5 Pelvic Floor and Core Workouts for After a C-Section

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physical therapist kneels on ground next to patient, checks tummy while patient is holding an abdominal contraction

Recovering after your C-Section and wondering when and how you can get started on pelvic floor and core workouts? We know you may be itching to regain core strength and function, but returning to exercise should be slow and gradual.

Your Postpartum Pelvic Floor and Core

Your core muscles undergo significant changes during pregnancy, as abdominal and pelvic floor muscles lengthen to accommodate your growing baby.

And during a C-Section, an incision is made through several layers of skin and fascia in the abdominal wall. Good news, though: abdominal muscles are not typically “cut” during a c-section. They are gently separated in the midline to access the uterus.

So with a gradual return to postpartum exercise and some focused core work, you can absolutely regain core strength and function. Read on to learn how to safely regain coordination after a c-section.

Heal your pelvic floor and core after a C-Section

The First Few Days

The first step in c-section recovery is to allowing time for your body to heal. The first few weeks after a cesarean birth should be focused on rest, healing, hydration.

Within the first day after surgery, we encourage you start getting out of bed to walk every day. This helps encourage upright standing and promotes healing and blood flow to your recovering core and pelvic floor.

Tip: When getting out of bed, roll over so you are lying on your side. Use your arms to help you push up to protect your abdominals. Reverse this movement to get back in bed.

You can continue to go on shorts walks, gradually increase the length of walks as you feel able. Scale back if pain or bleeding increase.

All cleared?

You may have heard that women are cleared to exercise at their six-week postpartum checkup, this isn’t necessarily true.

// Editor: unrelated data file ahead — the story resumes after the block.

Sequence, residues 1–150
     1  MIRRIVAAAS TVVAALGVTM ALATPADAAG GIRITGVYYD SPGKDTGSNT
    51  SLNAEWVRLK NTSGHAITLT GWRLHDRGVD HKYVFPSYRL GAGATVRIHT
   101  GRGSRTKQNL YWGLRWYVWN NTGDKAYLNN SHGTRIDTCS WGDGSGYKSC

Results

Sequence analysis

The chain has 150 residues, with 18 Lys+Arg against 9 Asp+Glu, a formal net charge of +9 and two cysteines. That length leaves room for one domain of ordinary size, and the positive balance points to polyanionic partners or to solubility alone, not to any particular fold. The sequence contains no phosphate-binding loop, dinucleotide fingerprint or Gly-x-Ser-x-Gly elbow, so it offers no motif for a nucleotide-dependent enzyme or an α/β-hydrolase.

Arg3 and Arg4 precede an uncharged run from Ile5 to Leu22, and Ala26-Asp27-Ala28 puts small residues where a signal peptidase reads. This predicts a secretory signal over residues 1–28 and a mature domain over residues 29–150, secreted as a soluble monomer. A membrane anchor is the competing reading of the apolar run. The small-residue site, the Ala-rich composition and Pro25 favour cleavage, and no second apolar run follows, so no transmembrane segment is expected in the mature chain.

If you do receive the “all clear” it doesn’t mean you are fully healed… It means that there is no sign of a condition or issue requiring medical intervention by the physician. It does *not* mean that your tissues are done healing or that they are ready for high impact.

If you have urinary leakage, pain, pelvic pressure or heaviness, or abdominal doming or coning, consult a pelvic floor physical therapist.

Pelvic floor therapists can evaluate your pelvic floor and abdominal wall. They can also assist with any pain, prolapse, or leakage. Furthermore, they can provide you with a personalized plan for resuming exercise.

Return gradually to your pelvic floor and core workouts

It is usually safe to start exercising after six to eight weeks after giving birth. Low intensity activities, such as walking and gentle core and pelvic floor strengthening exercises, are recommended.

Focus on rebuilding your core and pelvic floor muscles during the first 12 weeks postpartum. After that, you can return to more strenuous activities, such as running, weightlifting, or High Intensity Interval Training (HIIT).

Higher intensity activities put a greater demand on the muscles of the pelvic floor and abdomen. These are the best exercises to avoid until at least three to six months postpartum.

Safe Workouts After C-Section

The initial and most important piece of exercise after c-section is to start retraining and restrengthening your core. These activities bring good blood flow to the pelvic region and start working those muscles again without adding unwanted strain.

We often think of the “core” as just your abdominal wall. Your core is composed of several muscles. These include your abdominals, pelvic floor, and low back muscles. We also consider your diaphragm as part of your core, providing support from above.

Start with the following pelvic floor and core exercises to help rebuild your foundation and strength and get you back to feeling strong.

Diaphragmatic breathing

Diaphragmatic breathing is the first exercise to start reconnecting with your core after c-section. What does breathing have to do with your core? Everything!

Holding your breath may keep your abdominal muscles tense and prevent an optimal pelvic floor muscle contraction. Also, diaphragmatic breathing helps expand tight tissues around your c-section scar to minimize scar restriction.

This can be performed in any position, including lying down, sitting (while feeding your baby is a convenient time!) or standing. We encourage you to start by lying down.

 Woman sits on ground cross legged with one hand on heart, one hand on belly, eyes closed.

  • Lie flat on your back with knees bent and feet resting on the floor.
  • Rest one hand on each side of your ribcage.
  • As you inhale, allow the ribcage to inflate in all directions. Think of your ribs opening up like an umbrella on all sides. Allow the belly to inflate and let go of any tension in the neck and shoulders.
  • Exhale naturally as you let your breath go.